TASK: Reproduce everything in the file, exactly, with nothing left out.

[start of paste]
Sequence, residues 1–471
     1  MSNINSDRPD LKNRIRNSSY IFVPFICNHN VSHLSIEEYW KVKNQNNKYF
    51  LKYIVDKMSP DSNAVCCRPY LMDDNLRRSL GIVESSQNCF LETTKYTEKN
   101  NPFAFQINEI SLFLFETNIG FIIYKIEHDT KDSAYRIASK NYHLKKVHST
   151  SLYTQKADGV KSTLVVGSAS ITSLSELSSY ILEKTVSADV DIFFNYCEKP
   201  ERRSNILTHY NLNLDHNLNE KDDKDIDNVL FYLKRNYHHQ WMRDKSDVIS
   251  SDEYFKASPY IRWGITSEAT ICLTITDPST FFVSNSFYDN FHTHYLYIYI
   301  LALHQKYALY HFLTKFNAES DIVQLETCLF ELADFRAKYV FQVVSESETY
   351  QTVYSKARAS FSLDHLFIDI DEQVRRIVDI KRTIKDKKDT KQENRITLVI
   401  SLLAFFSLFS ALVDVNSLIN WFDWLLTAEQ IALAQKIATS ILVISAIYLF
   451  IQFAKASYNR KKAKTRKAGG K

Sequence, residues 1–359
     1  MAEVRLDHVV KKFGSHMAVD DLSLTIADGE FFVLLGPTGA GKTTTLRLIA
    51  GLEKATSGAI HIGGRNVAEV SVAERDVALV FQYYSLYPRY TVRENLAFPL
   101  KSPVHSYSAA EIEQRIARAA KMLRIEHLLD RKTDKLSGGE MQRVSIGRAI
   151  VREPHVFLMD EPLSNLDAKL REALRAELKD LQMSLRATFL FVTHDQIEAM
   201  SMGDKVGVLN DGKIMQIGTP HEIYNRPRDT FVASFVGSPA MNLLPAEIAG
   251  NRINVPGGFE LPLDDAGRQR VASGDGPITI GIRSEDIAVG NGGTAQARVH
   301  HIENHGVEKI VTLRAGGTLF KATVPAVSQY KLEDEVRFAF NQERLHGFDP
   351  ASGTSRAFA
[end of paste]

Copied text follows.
Sequence, residues 1–471
     1  MSNINSDRPD LKNRIRNSSY IFVPFICNHN VSHLSIEEYW KVKNQNNKYF
    51  LKYIVDKMSP DSNAVCCRPY LMDDNLRRSL GIVESSQNCF LETTKYTEKN
   101  NPFAFQINEI SLFLFETNIG FIIYKIEHDT KDSAYRIASK NYHLKKVHST
   151  SLYTQKADGV KSTLVVGSAS ITSLSELSSY ILEKTVSADV DIFFNYCEKP
   201  ERRSNILTHY NLNLDHNLNE KDDKDIDNVL FYLKRNYHHQ WMRDKSDVIS
   251  SDEYFKASPY IRWGITSEAT ICLTITDPST FFVSNSFYDN FHTHYLYIYI
   301  LALHQKYALY HFLTKFNAES DIVQLETCLF ELADFRAKYV FQVVSESETY
   351  QTVYSKARAS FSLDHLFIDI DEQVRRIVDI KRTIKDKKDT KQENRITLVI
   401  SLLAFFSLFS ALVDVNSLIN WFDWLLTAEQ IALAQKIATS ILVISAIYLF
   451  IQFAKASYNR KKAKTRKAGG K

Sequence, residues 1–359
     1  MAEVRLDHVV KKFGSHMAVD DLSLTIADGE FFVLLGPTGA GKTTTLRLIA
    51  GLEKATSGAI HIGGRNVAEV SVAERDVALV FQYYSLYPRY TVRENLAFPL
   101  KSPVHSYSAA EIEQRIARAA KMLRIEHLLD RKTDKLSGGE MQRVSIGRAI
   151  VREPHVFLMD EPLSNLDAKL REALRAELKD LQMSLRATFL FVTHDQIEAM
   201  SMGDKVGVLN DGKIMQIGTP HEIYNRPRDT FVASFVGSPA MNLLPAEIAG
   251  NRINVPGGFE LPLDDAGRQR VASGDGPITI GIRSEDIAVG NGGTAQARVH
   301  HIENHGVEKI VTLRAGGTLF KATVPAVSQY KLEDEVRFAF NQERLHGFDP
   351  ASGTSRAFA